Clinica Article – Inside China: New policies to bolster tech transfer wave

Screen Shot 2013-10-18 at 11.30.07 AMChanges to China’s regulatory pathways, as well as increased government investment, are just a couple of things that will cause technology transfer activity to swell in the Chinese medical device market, predicts Michael Alper of NeuvoMedica

December 2013: Inside China – New Policies to Bolster Tech Transfer Wave

Technology transfer has been an important part of China’s development.  Though the Chinese medical device market is no stranger to technology transfer, I believe that recent and future expected policies will significantly accelerate the rate of technology transfer in the medical device market in China.

The first of these policies is the Medical Device Technology Industry 12th Five-Year Special Plan issued by the Ministry of Science and Technology.  This policy sets the development of the medical device sector in China as a key gov’t initiative with aggressive goals and timelines.  Following up with this policy, actual funds have been allocated with the medical device sector receiving RMB 1.5 billion (USD $250M) through the Ministry of Industry and Information’s “Special Supporting Program” in which participating companies can receive over RMB 10 million (USD $1.6M) each.  In addition, the Chinese gov’t plans an additional RMB 10 billion (USD $1.6B) to be invested in the medical device industry by 2020.

Additionally, a green channel policy for medical devices has been issued that provides expedited approval process for innovative medical devices developed in China.  The CFDA has also declared that it is issuing a new policy before the end of this year that will “level the playing field” for locally made medical devices in terms of product registration.  Over the past few years the regulatory requirements and timeline for locally made medical devices has increased quite significantly.  Though not always true the perception is that getting a local product registered is significantly more expensive and time consuming than an imported product.  The new policy is supposed to set the same requirements for imported products as for domestically made products.  What this means is that many imported products will now require a clinical trial conducted in China before they can be approved.   This will significantly increase the cost and timeline for getting approval for imported products into China.  It is my belief that this policy specifically will be the major catalyst that creates a wave of technology transfer in the med device space.

Up until a few years ago, most large medical device companies were importing their high value medical device products into China.  In the past few years due to several factors including the increasing importance of the Chinese market, emergence of strong domestic players, and reimbursement polices which favor locally made products, large multinational medical device companies have started to go down the local manufacturing path either through acquisition (Medtronic/Kanghui, Stryker/Trauson, etc.), through greenfield investment (J&J, Covidien, etc.) or both.  Before this new policy, it was relatively inexpensive and quick to get a new imported product approved (1-2 years) assuming it was already approved in the country of origin.  New locally manufactured products (especially class 3 products) take significantly longer (3-5 years) and are more expensive to get approved mostly due to the local clinical trial requirement.  However, locally manufactured products do not require an approval in any other country or region.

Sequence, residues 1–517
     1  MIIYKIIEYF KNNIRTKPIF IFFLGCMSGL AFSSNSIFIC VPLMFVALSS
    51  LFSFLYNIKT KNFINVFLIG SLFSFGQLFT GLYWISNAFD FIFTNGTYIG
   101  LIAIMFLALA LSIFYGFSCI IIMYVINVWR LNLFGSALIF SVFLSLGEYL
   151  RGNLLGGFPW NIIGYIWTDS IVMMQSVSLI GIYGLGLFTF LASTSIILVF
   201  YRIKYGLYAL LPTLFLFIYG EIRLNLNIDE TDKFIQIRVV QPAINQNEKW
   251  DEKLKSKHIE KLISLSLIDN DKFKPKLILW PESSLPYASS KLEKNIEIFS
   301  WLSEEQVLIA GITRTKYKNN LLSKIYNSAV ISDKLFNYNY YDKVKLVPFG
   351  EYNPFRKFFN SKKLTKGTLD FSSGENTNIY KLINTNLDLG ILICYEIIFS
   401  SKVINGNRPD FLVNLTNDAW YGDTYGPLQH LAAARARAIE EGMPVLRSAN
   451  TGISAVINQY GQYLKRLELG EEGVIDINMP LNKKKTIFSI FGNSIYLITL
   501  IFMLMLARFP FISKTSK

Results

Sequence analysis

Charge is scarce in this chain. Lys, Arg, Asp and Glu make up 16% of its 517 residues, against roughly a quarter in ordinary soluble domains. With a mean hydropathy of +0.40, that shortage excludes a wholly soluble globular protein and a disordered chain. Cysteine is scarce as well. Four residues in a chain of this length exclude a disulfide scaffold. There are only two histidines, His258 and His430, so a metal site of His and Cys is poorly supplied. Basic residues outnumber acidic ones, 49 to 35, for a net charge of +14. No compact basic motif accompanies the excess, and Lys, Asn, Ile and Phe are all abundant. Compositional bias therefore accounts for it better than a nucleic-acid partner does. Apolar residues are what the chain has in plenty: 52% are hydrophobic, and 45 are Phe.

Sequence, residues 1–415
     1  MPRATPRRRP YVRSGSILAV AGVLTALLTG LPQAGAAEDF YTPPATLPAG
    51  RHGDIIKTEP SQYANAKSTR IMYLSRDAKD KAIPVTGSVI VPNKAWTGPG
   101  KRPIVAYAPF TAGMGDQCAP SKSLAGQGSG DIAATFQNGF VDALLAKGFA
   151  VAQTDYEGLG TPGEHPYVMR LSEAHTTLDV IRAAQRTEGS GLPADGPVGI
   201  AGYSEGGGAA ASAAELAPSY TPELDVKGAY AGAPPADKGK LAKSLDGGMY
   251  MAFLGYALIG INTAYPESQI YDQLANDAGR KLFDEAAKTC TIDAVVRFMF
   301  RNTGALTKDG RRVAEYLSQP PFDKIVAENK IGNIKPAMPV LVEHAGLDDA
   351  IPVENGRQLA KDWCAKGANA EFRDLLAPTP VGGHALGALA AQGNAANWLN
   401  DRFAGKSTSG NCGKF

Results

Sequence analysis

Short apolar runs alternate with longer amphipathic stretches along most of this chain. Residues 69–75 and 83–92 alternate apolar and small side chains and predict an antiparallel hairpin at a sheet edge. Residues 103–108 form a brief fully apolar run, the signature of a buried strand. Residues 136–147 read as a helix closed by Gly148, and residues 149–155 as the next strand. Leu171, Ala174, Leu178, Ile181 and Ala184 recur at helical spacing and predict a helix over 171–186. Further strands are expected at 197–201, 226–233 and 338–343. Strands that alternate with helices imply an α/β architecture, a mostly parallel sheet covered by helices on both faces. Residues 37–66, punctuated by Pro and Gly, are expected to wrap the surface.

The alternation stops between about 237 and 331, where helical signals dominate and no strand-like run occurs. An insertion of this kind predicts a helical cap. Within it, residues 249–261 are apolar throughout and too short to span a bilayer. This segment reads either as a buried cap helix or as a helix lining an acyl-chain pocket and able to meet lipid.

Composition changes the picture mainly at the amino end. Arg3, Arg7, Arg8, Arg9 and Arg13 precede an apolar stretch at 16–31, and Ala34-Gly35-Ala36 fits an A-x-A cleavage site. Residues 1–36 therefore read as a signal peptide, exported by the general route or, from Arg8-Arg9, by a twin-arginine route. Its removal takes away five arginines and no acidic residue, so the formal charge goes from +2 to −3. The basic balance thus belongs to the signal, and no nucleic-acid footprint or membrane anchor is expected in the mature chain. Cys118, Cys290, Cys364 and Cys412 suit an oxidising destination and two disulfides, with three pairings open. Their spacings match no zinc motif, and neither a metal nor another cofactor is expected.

With the new regulatory policy, instead of taking 1-2 years to get approval for imported class 3 medical devices, it will likely also take 3-5 years (post country of origin approval) requiring a significantly higher investment than before.  With all of the incentive policies and the better reimbursement policies for locally made products, it will be very hard to justify investing in bringing imported products as opposed to just transferring the technology to a company’s China operation and manufacturing domestically.  Moreover as China becomes an even more strategically important market, the opportunity cost in waiting to get new products to market will also increase quite significantly.  Having to wait 3-5 years after getting approval in the US or Europe will not be a palatable alternative.  I expect to see products registered in parallel in the US/Europe and China among the large multinational companies to speed access to market in China.

Smaller US & Europe based medical device companies will face a slightly different problem.  Many of these companies have limited resources with which to approach the Chinese market.  The common solution up until now has been to partner with local distribution companies who would fund the commercialization of the products in China.  However with the new regulatory changes, finding such arrangements will be difficult as there are few distributors willing to fund an expensive trial over a 3-5 year time period.   Thus smaller companies will have to find other solutions to access the second largest medical device market in the world.

The new solution is likely going to be Chinese medical device manufacturers who are willing and able to invest in a longer time horizon and are looking for new technologies to enhance their product portfolio and their production capabilities.  This trend has already started but with the new regulatory changes will accelerate due to the growing attraction of the Chinese market, the growing financial strength of local manufacturers and the limited options that will be available for smaller innovative foreign medical device companies to get into the Chinese market.

 

On December 21, 2013, posted in: News by

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